The feminist discourse has allowed for diverse accounts of manifestos, ranging from inspiring to radical. Amongst them is Chimamanda Ngozi Adichie’s “Dear Ijeawele, or, A feminist Manifesto in Fifteen Suggestions.” As a response to a letter she received from a childhood friend who asked her how she could raise her daughter to be a feminist, Adichie offers her fifteen suggestions to empower her to be a strong and independent woman. Her first suggestion goes to her friend: “be a full person. Motherhood is a glorious gift but do not define yourself solely by motherhood.” She emphasizes that as her friend finds her identity outside of motherhood, it would highlight to her daughter that a woman can be more than a reproductive entity. (Adichie 9) Another powerful suggestion in her manifesto that gives instruction, but also sound reasons is her eighth point in which she suggests that her friend “teach her to reject likeability. Her job is not to make herself likeable, her job is to be her full self, a self that is honest and aware of the equal humanity of other people.” (Adichie 36) What her work also speaks to is the accessibility of a manifesto. Although written and expanded in a novel, she also posted all her suggestions of Facebook, a major social media platform where people can share and like ideas, which aided in her message to spread.
Another example of an accessible manifesto: the Pussy Riot’s Manifesto. Pussy Riot is “the world’s most prominent feminist protest art collective, which focuses attention on human rights violations at home and abroad.” (Pussy Riot) Posted on their website, Pussy Riot’s founder and Russian conceptual artist, Nadya Tolokonnikova, created a visual manifesto for her followers. Like Adichie, she lists 10 goals the group aims to achieve. Amongst them are compassionate reflections, such as, “you’re capable of making miracles, you just have to believe in them,” to direct instructions, “Move.”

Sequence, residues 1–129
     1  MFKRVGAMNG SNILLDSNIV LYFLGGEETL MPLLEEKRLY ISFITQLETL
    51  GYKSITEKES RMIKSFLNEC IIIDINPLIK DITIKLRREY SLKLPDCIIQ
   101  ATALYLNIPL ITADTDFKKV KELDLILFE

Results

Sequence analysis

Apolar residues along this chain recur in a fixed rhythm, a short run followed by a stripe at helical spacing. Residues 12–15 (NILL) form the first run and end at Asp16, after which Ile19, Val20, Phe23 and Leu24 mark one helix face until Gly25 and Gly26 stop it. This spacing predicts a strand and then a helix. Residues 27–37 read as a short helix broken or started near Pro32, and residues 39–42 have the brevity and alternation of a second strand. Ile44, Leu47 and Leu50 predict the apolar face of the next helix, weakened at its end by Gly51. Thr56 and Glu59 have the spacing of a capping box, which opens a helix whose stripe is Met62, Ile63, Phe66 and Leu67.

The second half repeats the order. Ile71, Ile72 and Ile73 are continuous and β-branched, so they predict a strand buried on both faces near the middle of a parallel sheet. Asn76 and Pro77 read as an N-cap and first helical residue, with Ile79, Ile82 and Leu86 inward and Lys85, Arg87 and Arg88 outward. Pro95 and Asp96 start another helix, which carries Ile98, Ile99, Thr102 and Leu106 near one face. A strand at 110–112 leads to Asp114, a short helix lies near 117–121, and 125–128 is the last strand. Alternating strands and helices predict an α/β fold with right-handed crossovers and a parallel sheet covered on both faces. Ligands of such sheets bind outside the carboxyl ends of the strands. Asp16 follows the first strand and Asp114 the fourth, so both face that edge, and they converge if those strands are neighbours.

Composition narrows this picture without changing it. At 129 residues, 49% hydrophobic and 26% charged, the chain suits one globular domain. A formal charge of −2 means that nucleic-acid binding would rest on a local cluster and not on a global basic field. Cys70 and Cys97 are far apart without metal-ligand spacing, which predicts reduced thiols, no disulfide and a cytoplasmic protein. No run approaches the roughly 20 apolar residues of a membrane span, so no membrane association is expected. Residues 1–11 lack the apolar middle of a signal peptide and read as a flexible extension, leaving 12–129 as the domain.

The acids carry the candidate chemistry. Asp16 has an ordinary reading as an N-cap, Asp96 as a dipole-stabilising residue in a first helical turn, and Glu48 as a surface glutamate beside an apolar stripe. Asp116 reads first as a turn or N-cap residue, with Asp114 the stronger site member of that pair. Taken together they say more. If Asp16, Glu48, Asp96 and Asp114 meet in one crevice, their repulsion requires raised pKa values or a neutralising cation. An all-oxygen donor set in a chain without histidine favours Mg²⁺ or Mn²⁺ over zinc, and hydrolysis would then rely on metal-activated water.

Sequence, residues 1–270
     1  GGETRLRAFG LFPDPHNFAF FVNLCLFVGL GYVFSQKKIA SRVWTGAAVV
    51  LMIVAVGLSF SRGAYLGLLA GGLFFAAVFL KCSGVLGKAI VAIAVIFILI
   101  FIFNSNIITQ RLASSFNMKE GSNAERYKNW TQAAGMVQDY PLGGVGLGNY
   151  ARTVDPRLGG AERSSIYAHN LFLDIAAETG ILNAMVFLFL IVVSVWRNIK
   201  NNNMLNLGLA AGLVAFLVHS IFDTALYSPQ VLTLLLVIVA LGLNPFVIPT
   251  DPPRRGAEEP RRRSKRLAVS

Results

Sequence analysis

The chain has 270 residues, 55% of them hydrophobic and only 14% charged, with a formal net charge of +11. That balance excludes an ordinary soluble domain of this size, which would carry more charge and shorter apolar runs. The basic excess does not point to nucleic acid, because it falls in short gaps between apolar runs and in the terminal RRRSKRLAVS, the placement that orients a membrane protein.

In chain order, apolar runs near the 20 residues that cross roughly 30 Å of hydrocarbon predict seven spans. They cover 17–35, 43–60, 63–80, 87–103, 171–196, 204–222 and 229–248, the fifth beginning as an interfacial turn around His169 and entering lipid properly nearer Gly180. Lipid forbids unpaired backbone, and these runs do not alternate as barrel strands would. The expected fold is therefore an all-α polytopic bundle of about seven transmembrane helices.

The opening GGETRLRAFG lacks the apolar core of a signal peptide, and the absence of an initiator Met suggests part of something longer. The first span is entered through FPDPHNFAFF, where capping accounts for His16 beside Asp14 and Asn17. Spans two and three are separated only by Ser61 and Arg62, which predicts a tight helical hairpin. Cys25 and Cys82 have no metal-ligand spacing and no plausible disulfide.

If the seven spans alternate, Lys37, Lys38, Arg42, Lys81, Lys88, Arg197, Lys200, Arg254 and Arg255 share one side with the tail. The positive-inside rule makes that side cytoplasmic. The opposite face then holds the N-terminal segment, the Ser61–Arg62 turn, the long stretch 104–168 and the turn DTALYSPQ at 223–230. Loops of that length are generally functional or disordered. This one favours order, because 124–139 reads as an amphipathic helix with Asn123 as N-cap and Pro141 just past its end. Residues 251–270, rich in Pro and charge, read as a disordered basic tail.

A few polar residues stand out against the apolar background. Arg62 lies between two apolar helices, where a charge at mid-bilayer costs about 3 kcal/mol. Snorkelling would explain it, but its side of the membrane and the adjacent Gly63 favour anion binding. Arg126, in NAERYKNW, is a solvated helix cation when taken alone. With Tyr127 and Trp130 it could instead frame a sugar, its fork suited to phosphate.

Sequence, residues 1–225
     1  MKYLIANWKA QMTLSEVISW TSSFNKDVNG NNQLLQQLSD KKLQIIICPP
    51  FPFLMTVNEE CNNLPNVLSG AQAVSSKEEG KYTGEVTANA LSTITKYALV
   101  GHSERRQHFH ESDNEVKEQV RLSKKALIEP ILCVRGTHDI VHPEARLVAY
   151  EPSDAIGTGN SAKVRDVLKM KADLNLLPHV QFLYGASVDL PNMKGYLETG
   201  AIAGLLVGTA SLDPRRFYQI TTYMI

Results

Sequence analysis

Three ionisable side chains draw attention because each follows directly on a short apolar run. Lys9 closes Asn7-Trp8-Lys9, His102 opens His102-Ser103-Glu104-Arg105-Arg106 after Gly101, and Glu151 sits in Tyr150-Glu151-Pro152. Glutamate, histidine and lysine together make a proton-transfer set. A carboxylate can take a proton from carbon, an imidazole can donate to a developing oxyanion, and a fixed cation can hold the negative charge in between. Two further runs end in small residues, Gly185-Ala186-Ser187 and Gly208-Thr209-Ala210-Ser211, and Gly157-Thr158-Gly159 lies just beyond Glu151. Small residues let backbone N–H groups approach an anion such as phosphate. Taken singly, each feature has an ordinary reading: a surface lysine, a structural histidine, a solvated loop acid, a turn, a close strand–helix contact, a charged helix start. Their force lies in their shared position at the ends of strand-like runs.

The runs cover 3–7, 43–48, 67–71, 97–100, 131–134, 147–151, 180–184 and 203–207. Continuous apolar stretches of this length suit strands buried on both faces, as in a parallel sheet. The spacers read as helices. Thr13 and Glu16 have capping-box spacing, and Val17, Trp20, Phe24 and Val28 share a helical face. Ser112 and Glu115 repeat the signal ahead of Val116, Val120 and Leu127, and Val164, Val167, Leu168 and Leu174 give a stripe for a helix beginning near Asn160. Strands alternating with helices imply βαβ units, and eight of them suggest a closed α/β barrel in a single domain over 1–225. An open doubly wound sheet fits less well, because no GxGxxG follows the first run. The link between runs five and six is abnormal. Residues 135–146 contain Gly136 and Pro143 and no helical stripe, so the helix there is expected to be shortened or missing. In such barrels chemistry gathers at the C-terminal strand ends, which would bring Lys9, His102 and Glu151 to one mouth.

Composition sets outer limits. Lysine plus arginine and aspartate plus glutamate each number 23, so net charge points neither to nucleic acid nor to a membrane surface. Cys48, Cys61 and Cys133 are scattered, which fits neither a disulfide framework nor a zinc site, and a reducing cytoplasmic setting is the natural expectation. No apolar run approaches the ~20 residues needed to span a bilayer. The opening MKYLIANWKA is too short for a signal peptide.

On the more radical side of feminist manifestos exists Valerie Solanas’s “S.C.U.M. Manifesto: (Society for Cutting Up Men).” In it, she controversially claims that “the male is an incomplete female, a walking abortion, aborted at the gene stage,” furthering her stance, she states, “To call a man an animal is to flatter him; he's a machine, a walking dildo.” (Solanas 1) In her feminist rage, she satirically describes all of men’s failures and goes in-depth into their jelousy of women because of their incapabilities to connect. Garnering heavy criticism, she unapologetically states that the “SCUM will kill all men who are not in the Men's Auxiliary of SCUM. Men in the Men's Auxiliary are those men who are working diligently to eliminate themselves.” (Solanas, 14) This is indeed a manifesto because this violent imagination is in response to a violent femme reality. It is a direct response to the patrichatral system that aims to shape our lives, our futures, and even our protests. It sparked a conversation in it’s written wake, and left an unsettling impression of where our lives might head if we don’t address the disconnection and tension between manhood and womanhood.
Adichie, Chimamanda Ngozi. Dear Ijeawele, or, A Feminist Manifesto in Fifteen Suggestions. First edition, Alfred A. Knopf, 2017.
Conchiero, Luciano. A Theory of the Manifesto. Gato Negro Ediciones, 2016.
Ebert, Teresa L. “Manifesto as Theory and Theory as Material Force: Toward a Red Polemic.” JAC, vol. 23, no. 3, 2003, pp. 553–562. JSTOR, www.jstor.org/stable/20866585. Accessed 11 Mar. 2021.
Tolokonnikova, Nadya“A Manifesto by Pussy Riot.” WePresent, wepresent.wetransfer.com/story/a-manifesto-by-pussy-riot/.
Place, Vanessa, et al. SCUM Manifesto. Oodpress, 2010.